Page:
Confusion reigns in Agang ranks

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Copy of ca p4-Mamphele Ramphele done

CAPE ARGUS

DA presidential candidate and former AgangSA leader Mamphela Ramphele Picture: Cindy Waxa

Cape Town - Disillusioned Western Cape AgangSA members are weighing up their options: to jump ship or follow their leader Mamphela Ramphele to the DA.

Ramphele was named on Tuesday as the DA’s presidential candidate for the coming election.

Outraged members claimed their leader made the decision without consulting them, and have betrayed them in doing so.

A furore has erupted since Tuesday’s announcement with AgangSA and DA members complaining about the veil of secrecy and lack of transparency on the part of their leaders in sealing the deal.

Senior AgangSA members in the province claimed Ramphele’s attempts at an explanation were even more disappointing, since she tried to spin her actions using Nelson Mandela as an example.

AgangSA’s senior Western Cape co-ordinator, Neville Hendricks, said they went to the AgangSA offices in Cape Town on Wednesday to find out what was going on. “She apologised for not informing us beforehand, and tried to give us an explanation using Madiba as an analogy.”

Ramphele had said that when Madiba was in prison speaking to the apartheid government, he also had not consulted with his comrades who would have not agreed with him about the talks.

While they were not impressed with the response, members had decided to give her an opportunity to explain to the masses why she was merging with the DA. “We left there more confused but we’ll wait for the follow-up meeting on Friday. We are all sad, we had such high hopes now.”

Another member said it was more a case of selling your birthright for a plate of food.

Senior AgangSA leaders in the province have been inundated with frantic calls from volunteers, party co-ordinators and supporters, while Cape Flats volunteers agreed the “DA is not the alternative they wanted”.

Fatiema Hendricks-Sulaiman, who gave up her occupational therapy practice to help build the structures of AgangSA, said she handed in her resignation from the party shortly before the announcement.

“I had a feeling this was coming, and I decided to resign. There was no consultation, this is something Dr Ramphele did unilaterally on her own.”

And Hendricks-Sulaiman said members throughout the province people felt abandoned by their leader.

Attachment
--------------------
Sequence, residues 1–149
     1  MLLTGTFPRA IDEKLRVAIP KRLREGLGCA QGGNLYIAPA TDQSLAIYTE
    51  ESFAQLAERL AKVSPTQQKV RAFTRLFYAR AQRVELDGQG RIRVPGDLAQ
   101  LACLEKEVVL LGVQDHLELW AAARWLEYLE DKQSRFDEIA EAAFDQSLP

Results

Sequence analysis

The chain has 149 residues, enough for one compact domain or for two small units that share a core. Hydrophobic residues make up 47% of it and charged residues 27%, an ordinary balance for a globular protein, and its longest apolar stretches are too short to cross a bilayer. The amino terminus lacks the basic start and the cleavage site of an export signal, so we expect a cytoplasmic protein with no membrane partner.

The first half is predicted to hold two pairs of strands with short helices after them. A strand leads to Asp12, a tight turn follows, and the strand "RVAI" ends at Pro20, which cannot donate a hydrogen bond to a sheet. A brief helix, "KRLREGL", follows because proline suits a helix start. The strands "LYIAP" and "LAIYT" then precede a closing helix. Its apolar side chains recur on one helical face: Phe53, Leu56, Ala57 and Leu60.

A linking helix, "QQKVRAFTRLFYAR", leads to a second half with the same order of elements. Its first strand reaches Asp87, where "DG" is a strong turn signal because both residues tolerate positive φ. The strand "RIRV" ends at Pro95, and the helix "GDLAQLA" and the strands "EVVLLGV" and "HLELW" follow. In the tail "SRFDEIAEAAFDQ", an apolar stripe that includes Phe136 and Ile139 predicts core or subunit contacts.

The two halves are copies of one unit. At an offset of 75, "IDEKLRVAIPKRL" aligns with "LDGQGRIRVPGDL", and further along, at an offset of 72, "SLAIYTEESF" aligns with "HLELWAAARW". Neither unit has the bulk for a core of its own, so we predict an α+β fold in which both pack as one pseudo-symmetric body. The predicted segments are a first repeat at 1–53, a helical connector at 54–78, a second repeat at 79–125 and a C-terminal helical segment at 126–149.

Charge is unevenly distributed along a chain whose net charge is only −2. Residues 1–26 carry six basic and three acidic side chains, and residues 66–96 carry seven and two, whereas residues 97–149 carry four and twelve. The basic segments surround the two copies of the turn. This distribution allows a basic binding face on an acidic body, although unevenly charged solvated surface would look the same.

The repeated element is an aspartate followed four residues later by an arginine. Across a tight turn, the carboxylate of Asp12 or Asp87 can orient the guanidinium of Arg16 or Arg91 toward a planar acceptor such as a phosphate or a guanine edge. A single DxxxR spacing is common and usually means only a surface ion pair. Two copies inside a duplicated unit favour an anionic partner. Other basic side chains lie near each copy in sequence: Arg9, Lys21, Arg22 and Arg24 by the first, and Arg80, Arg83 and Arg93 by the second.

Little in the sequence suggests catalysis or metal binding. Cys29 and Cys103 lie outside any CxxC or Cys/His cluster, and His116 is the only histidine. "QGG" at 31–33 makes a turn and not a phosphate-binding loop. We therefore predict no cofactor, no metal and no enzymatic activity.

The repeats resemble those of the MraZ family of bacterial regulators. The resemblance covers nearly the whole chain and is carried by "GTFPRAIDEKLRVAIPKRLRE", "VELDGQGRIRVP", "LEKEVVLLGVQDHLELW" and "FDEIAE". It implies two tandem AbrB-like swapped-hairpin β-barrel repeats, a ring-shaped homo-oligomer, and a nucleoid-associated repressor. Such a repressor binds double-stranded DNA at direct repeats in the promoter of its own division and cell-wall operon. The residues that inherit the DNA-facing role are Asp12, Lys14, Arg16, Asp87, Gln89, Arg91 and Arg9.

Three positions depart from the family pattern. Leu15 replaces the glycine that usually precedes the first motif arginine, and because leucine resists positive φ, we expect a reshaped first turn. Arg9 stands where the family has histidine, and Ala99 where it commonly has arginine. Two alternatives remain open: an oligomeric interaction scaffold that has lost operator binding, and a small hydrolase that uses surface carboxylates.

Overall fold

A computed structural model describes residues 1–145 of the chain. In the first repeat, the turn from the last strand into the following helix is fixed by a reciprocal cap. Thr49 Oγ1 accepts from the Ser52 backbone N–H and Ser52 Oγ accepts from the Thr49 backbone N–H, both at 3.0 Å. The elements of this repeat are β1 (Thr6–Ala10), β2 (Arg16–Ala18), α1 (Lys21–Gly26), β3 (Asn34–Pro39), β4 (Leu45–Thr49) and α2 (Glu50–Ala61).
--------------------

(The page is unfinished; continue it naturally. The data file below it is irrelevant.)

“Dr Ramphele talked about transparency, inclusion, but then does the opposite, leaving the party in disarray.”

People had put their own money into the party and deserved to have a say in how it engaged in politics.

A township volunteer who did not want to be named said she was angry and disappointed:

“How can she be our leader and at the same time she’s with the DA. We wanted an alternative to the DA and ANC.”

Several township supporters were still hopeful their leader would change her mind.

Another volunteer said township residents had been waiting for someone to lead them to a better future.

“We are mad because we did not want to be linked with the DA. Now we have been sold out. She should have taken us in her confidence.”

Francesco Uysrootenberg said he would adopt a wait-and-see stance, until Ramphele reported back to members about her decision.

“The deal looks very complicated, to be the leader of one party and the No 1 candidate for another. However, based on discussions we had with our field officer yesterday the party will stand separately from the DA in the upcoming elections.”

He said he would have appreciated a process of consultation. “We will listen to her before we decide to accompany her on this trip or not.”

In Gauteng similar scenes played out and while party member Donald Tontsi denied there was party infighting, others were upset by the lack of transparency.

AgangSA’s Gauteng chairman Andries Tlouamma said Ramphele’s decision could not be made by an individual, therefore there was no merger. “That is going to be our decision, not her decision. We are the custodians of this party.

“There are structures in a party. There are processes to follow to arrive at certain decisions.”

Tlouamma said disagreements were part of politics. “In a political party, when we disagree, it does not mean we don’t like each other... ”

He said Agang was giving Ramphele an opportunity to consult with them urgently about her decision.

The DA’s Wilmot James said while Ramphele was not yet a DA party member, they “will take care of (her) membership”, as soon as possible.

He said the two parties were intent on merging, but had not yet done so.

The technical committee would take care of the integration process.

warda.meyer@inl.co.za

Cape Argus


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